“Well, neither of you are wrong,” Maureen said. Irv looked at her, lowering his gaze and raising his eyebrows. “But Scar, it wouldn’t hurt you to get up a little earlier.
“Please don’t raise your voice at me,” Maureen said.
“The both of you are overreacting,” said Scarlett.
“Don’t talk to me like that in my own home.”
“I didn’t choose to live here, Irv. Give it a month and I’ll be out of your hair anyway.”
Scarlett grabbed her plate and retreated back into her room. She scrolled through her phone between bites of pizza. She got another text from Matt, a picture of the fish he’d caught fried up with some rice.
looking good, chef, she replied.
Still good for later?
of course 🙂
A soft knock on the door told her that her mother was there. “Can I come in?”
Maureen shuffled in and sat at the foot of Scarlett’s bed. “I think you owe Irv an apology for what you said to him.”
“What did I say to him, exactly? He’s a big boy. I’m sure I didn’t hurt his feelings that badly.”
Maureen cleared her throat. “That’s not the point. The point is—”
“What is the point, Mom? Illuminate me.”
“That’s it. I don’t want any more lip out of you. And you can cancel any plans you might have.”
“That’s not happening,” Scarlett said with a laugh.
“It is if I say it is.”
“Are you going to let me go to college?”
“Excuse me?” said Maureen.
“Answer me. Next month, are you going to let me go to college?”
“Don’t be ridiculous.”
“Because when I’m in Boston you won’t have any control over me anymore. So either make your peace with that now or help me look for secretary jobs.”
Maureen huffed and scowled, chewing on some thoughts before leaving without saying a word of them.
mom and irv are really up my ass today, she texted Matt.
That’s shocking, he sent back. Tell me about it later.
After their dinner, Matt and Scarlett walked along the beach. The sun had recently set, and the last swathes of orange and pink were evaporating over the western horizon. The dividing line between the sea and the sky was blurred into a deep blue-black, but there were still plenty of lights twinkling along the shore and, up north, from New York City in the distance. No moon.
As usual, they weren’t holding hands. Their friends thought it was a quirk of their relationship that was an indication of some latent problems. In truth, neither of them really liked it. Holding hands got too warm and clammy, and they both felt like it attracted undue attention since nobody likes PDA. To them, the fact that they both hated this mawkish little thing was proof that it was all working.
“You see that?” Matt said, pointing out into the ocean.
“That light flickering out there.” He waited for Scarlett to focus on the ocean. Then he grabbed her by the shoulders and, lovingly, tilted her in towards the water, threatening to push her in.
“No!” Scarlett yelped. “Stop it, stop it, stop it!” Matt pulled her back in and Scarlett gave him a gentle slap on the arm and smiled at him. “Bad boyfriend.”
“What, afraid of getting a little wet?” he said.
“You know I’m jumpy.”
He knew. The pair kept walking until they didn’t feel like it anymore. The wind picked up, wiping away the last scraps of warmth for the day. They made their way to an overturned lifeguard stand and used it as something to lean against. Scarlett rested her head on Matt’s shoulder, and he rested his head against hers.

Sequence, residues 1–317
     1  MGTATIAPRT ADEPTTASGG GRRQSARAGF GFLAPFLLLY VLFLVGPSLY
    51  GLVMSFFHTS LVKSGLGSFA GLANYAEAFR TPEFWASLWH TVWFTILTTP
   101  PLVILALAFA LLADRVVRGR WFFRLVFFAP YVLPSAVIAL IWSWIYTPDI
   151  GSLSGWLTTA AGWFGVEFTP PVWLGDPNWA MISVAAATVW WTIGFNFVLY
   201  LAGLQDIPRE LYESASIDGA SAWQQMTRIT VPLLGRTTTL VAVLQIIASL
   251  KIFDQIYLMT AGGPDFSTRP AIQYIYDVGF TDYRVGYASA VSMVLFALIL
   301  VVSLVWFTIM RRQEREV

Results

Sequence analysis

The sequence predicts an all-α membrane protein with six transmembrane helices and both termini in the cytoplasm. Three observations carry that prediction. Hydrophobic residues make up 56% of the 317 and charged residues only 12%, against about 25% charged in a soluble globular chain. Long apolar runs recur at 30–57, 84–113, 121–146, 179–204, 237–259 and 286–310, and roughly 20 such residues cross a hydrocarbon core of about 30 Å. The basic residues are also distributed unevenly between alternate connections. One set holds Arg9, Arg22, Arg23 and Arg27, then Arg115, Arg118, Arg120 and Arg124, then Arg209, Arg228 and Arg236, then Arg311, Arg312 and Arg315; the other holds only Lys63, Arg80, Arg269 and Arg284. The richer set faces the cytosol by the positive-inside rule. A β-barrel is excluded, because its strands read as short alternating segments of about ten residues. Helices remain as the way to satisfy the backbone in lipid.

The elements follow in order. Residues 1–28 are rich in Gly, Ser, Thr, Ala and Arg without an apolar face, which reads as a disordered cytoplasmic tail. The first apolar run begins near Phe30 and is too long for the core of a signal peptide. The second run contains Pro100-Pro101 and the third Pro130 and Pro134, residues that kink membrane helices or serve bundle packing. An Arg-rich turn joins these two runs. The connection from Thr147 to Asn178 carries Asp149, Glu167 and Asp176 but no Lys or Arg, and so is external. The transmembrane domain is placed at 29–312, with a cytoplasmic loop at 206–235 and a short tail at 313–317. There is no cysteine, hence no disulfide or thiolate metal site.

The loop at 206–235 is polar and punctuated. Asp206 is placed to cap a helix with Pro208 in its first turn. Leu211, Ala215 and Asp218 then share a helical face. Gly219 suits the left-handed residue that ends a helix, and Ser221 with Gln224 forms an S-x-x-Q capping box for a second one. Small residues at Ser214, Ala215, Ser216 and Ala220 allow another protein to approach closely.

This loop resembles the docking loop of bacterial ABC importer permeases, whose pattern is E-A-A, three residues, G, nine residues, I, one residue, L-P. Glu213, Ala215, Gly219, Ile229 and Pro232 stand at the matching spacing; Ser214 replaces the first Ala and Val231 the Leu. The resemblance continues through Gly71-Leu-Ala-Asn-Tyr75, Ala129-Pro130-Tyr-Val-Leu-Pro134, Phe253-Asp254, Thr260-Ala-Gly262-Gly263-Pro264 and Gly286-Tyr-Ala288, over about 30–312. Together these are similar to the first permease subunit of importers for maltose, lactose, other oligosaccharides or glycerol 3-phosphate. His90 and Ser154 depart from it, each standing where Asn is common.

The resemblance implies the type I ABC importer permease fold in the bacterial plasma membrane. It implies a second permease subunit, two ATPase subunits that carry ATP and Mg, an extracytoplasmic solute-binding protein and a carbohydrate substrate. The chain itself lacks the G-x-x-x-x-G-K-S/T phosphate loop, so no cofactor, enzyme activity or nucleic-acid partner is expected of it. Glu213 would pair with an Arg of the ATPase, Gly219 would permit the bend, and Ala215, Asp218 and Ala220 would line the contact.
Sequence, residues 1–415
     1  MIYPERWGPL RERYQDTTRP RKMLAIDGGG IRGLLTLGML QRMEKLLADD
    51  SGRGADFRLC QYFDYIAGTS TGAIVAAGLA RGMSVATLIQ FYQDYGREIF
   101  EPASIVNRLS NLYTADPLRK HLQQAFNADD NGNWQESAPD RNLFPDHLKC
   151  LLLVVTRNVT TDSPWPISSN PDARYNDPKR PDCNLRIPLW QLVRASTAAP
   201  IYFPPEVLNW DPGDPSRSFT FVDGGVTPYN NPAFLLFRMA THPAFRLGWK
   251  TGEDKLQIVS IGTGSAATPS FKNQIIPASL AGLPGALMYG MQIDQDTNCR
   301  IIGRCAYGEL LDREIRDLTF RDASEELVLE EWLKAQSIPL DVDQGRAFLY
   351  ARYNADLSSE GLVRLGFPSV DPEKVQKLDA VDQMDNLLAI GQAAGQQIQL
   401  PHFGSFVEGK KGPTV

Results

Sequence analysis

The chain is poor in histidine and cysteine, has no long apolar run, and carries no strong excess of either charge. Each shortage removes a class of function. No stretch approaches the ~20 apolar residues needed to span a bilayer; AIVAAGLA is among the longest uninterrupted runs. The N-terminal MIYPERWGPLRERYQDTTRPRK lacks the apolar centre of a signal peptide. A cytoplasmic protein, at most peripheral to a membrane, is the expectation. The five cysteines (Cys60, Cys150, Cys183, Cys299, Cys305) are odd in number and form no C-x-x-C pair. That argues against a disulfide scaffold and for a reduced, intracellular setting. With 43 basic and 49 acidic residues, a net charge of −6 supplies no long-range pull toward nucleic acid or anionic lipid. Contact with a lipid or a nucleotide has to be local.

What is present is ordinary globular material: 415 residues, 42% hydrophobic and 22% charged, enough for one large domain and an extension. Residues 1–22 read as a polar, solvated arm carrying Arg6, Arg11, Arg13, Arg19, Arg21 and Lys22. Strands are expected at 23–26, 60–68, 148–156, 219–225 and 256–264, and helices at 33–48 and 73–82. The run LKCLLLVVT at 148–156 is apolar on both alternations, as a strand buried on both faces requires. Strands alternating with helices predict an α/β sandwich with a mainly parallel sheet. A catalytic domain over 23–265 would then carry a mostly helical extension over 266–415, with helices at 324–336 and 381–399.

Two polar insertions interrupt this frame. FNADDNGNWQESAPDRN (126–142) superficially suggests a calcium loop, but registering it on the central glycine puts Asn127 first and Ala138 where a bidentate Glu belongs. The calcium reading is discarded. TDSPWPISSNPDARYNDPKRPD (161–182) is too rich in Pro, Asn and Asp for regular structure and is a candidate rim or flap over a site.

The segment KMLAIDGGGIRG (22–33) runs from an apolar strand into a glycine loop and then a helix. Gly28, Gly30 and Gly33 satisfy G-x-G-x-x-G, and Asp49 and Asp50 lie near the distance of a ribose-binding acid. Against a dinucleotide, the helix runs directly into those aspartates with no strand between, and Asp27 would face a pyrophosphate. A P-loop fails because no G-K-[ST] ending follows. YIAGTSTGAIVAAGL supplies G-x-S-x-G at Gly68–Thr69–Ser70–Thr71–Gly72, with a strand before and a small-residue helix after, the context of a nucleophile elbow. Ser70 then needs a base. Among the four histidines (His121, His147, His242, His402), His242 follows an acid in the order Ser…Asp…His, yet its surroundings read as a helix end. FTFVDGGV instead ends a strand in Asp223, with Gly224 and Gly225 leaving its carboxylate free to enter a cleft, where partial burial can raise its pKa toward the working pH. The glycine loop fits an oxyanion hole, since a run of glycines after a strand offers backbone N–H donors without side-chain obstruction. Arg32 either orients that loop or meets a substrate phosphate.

“I should really try night fishing out here sometime,” he said. “That’s how you catch striped bass.”
“I don’t know how you do that,” she said.
“Like not the fishing itself. I don’t get how you can just kill them and eat them like that and not feel bad about it.”
“They’re fish. They don’t have rights.”
“I know. But to kill them with your bare hands like that. It’s brutal.”
“That’s how I get my kicks: brutalizing fish,” he said.
“Stop, you know what I mean. And you love fish, too, which is the part I really don’t get.”
“I don’t think it’s that strange.”
“Tell me about all your pet fish again,” she said, nudging him.
“I’ve told you that story a million times.”
“And it’s still funny. Tell me again.”
He told her about his three fish, all named Rex, which had all killed themselves in quick succession. The first two leapt out of their fishbowls in the middle of the night, leaving Matt to find them flat and crunchy on his floor the next morning. The last Rex, somehow, buried its head in the neon pebbles at the bottom and drowned itself. “I never understood why my dad kept giving me another fish.”
“And now you’re the expert in killing them.”
“See? Now you’re catching on.” Matt turned his head to smell her hair, clean with a whiff of salt. She felt his hot breath spilling out of his nose. “You know, it’s never too late for you to go to Rutgers instead. If you change your mind.”
“I think it actually is too late.”
“What are you gonna do in Boston anyway? Throw yourself a little tea party?”
“My dad went to B.U. I’ve always wanted to go there.”
“And that accent, Jesus. It’s unbearable.”
“Pahk ya cah, ya chowdahhead.”
“Matt? Look at me. I know this isn’t exactly how we pictured things, but this is what’s happening. Hey.” She put her hand on his cheek, and he recoiled from the cold. “I’m sorry. You know I wish we had more time too.”
Matt sat there, breathing. He almost felt like he was being lied to, so he tried listening to the ocean instead, still saying the same thing it had been that morning. “You don’t really think that.”